It's only been the last couple of years that I've truly become a bird nerd, and when I recently watched the Nat Geo film, Into the Okavango, Dr. Steve Boyes' summed it up best. “The longer you’re in the wild and the more you visit it, the more you will become interested in birds," he explained. "Some will become your familiar companions; others will become exciting and privileged visitations.” I think it's safe to say that even if you aren't a die-hard birder outfitted with a binocular harness and a 600mm lens, you will come to appreciate everything from hummingbirds to Magnificent Frigatebirds on this trip.

5. Magnificent indeed

When I joined UnCruise in the Sea of Cortes last winter, I spotted a Magnificent Frigatebird for the first time. Since then I have become more and more fascinated with this particular avian species, and I could stare at their silhouettes soaring in the sky for hours. Visiting a nesting colony at the Isla Iguana Wildlife Refuge in Panama was a real treat, and our guides gave us all kinds of incredible information about these large seabirds. I had never been close enough to see the red throat pouches males inflate to attract females, and quite a few flying above us at Isla Iguana were puffed up and ready for action. Males can get quite aggressive with one another, and they sometimes try to puncture the pouches on rivals in a bid to render them incapable of attracting a mate for the rest of the season — or until the wound heals.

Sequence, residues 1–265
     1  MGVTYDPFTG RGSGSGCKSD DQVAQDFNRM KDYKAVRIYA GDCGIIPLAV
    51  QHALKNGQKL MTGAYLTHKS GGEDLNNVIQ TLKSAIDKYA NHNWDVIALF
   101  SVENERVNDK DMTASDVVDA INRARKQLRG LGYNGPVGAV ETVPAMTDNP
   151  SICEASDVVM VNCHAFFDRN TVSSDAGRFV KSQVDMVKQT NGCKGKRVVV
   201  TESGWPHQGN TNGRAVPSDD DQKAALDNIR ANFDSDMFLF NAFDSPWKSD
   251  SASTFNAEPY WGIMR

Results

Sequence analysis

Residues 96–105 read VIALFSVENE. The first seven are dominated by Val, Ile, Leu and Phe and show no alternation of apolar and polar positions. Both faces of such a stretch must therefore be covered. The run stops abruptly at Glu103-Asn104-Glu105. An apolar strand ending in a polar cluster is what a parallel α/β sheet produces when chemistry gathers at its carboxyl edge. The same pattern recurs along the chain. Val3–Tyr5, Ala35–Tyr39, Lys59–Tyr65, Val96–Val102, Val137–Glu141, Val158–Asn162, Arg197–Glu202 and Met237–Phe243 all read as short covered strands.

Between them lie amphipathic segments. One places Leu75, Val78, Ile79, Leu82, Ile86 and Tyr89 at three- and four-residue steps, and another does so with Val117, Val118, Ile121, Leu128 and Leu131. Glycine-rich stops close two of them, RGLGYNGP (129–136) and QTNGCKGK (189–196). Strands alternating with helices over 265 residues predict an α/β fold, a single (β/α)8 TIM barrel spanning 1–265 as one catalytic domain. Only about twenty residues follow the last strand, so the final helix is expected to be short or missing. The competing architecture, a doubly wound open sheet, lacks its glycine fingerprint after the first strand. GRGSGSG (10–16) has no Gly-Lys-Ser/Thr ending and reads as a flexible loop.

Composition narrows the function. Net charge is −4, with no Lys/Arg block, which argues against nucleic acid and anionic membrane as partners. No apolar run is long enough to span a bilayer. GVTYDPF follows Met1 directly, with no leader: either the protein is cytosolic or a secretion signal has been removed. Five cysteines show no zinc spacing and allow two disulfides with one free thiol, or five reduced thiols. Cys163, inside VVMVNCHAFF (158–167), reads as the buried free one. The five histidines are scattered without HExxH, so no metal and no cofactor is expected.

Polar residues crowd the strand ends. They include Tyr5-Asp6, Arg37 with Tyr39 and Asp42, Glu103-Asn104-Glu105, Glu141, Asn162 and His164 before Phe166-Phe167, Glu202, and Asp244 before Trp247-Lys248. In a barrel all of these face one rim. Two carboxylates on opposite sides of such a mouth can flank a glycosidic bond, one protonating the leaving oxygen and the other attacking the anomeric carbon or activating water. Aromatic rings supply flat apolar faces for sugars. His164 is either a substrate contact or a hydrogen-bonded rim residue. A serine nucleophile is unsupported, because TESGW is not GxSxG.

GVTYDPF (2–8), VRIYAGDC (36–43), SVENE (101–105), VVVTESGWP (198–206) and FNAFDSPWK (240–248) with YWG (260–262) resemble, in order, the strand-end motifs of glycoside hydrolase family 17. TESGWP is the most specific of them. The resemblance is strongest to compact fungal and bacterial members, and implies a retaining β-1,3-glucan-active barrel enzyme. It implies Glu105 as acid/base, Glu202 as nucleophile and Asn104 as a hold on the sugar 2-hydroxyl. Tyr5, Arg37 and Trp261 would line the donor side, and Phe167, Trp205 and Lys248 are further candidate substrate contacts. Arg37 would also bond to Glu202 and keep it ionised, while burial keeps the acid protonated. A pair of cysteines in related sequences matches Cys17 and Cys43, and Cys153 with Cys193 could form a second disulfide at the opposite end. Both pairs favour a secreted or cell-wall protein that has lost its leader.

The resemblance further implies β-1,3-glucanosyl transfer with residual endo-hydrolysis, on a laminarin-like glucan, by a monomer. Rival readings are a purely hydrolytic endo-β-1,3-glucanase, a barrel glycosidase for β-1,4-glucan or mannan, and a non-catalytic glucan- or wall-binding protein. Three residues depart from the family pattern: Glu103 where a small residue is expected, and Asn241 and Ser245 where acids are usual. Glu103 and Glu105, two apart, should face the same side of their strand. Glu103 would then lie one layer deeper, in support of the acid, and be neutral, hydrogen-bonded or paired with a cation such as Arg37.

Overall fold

6. Electric skies

Watching the sky turn into a palette of pinks and purples with a cocktail in your hand is the ultimate way to end the day. And with most of the route along the Pacific side of Panama and Costa Rica, you're almost guaranteed to have a sunset like this every night. With no distractions (there is no WiFi or cable on board UnCruise vessels…), you’re able to pay more attention to what’s in front of you — and create vivid memories of the moments that matter the most.

7. Dancing with dolphins

On one of our final mornings in Panama, a pod of half a dozen bottlenose dolphins followed one of our zodiacs back to the Safari Voyager. They leaped into the air and swam through the wake of the skiff, and when it was time to pick up anchor and move on, we were all bummed to leave. But much to our surprise, the dolphins followed us for nearly half an hour, riding the bow of the boat and continuing to jump out of the water. One dolphin started swimming sideways and looked right at me, which I absolutely couldn't believe. In fact, you probably won't believe me either, so here's a photo of it:

8. Pure bliss in Guna Yala

After snorkeling and paddle boarding in Coiba National Park and crossing the Panama Canal, we spent our last two days relaxing in Guna Yala (formerly the San Blas Islands). The water was calm, warm and crystal clear, and from the soft white sand to clusters of palm trees all around us, it was truly the definition of paradise. I don't know that it gets any better than this, and I can't think of a more perfect and relaxing way to have wrapped up this trip.